I don't know what is intended by the prediction that Pakistan might "collapse" in six months. The country faces security challenges, and has already seen terrorist attacks such as the bombing of the Marriott in Islamabad, and it could well see more such big bombings. That is not a collapse. It is a reason for better police work and security measures. The Gilani government could fall (it is a parliamentary system), but that would just provoke new elections and PM Gilani would get a successor (assuming there isn't another military coup, the real threat to 'stability.')

    And this paragraph:

    ' "But Pakistan has 173 million people and 100 nuclear weapons, an army which is bigger than the American army, and the headquarters of al-Qaeda sitting in two-thirds of the country which the Government does not control,"

    is self-contradictory and wrong. Maybe Kilcullen was misquoted or the quote is jumbled. The government firmly controls most of the country, which is to say Sindh and Punjab. There is instability in Baluchistan over Baluch desires for greater autonomy, but that large, craggy province only has 5 percent of the country's population. Most of the Northwest Frontier Province is patrolled by Pakistani police and military. So there is no "two-thirds" of the country that the government does not control.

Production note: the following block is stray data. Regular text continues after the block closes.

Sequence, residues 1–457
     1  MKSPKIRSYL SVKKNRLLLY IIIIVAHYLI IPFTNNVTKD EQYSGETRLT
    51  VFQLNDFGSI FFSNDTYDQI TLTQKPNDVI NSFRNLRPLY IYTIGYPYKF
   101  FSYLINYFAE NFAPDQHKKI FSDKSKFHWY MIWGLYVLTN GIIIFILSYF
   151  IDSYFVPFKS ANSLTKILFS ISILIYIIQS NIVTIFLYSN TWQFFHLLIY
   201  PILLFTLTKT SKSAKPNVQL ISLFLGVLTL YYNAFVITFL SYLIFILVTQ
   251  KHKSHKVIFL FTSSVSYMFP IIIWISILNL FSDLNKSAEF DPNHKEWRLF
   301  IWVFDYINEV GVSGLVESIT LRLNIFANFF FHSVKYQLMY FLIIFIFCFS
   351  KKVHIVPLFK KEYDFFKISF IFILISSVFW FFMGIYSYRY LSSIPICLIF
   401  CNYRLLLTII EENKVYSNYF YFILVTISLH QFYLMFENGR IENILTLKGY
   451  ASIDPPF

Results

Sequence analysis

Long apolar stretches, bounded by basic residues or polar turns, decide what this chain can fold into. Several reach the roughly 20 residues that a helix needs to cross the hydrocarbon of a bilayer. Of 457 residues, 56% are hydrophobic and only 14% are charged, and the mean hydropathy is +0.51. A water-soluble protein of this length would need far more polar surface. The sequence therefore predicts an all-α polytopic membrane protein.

In fact, precisely since Pakistan has an army of 650,000 men under arms and another 500,000 reservists, it is absurd to think that a small rural insurgent group like the Taliban could "take over."

    What the government does not control is some parts of the Northwest Frontier Province and the 13 Federally Administered Tribal Areas, an area around the size of New Hampshire with a population (in FATA) of about 3.5 million.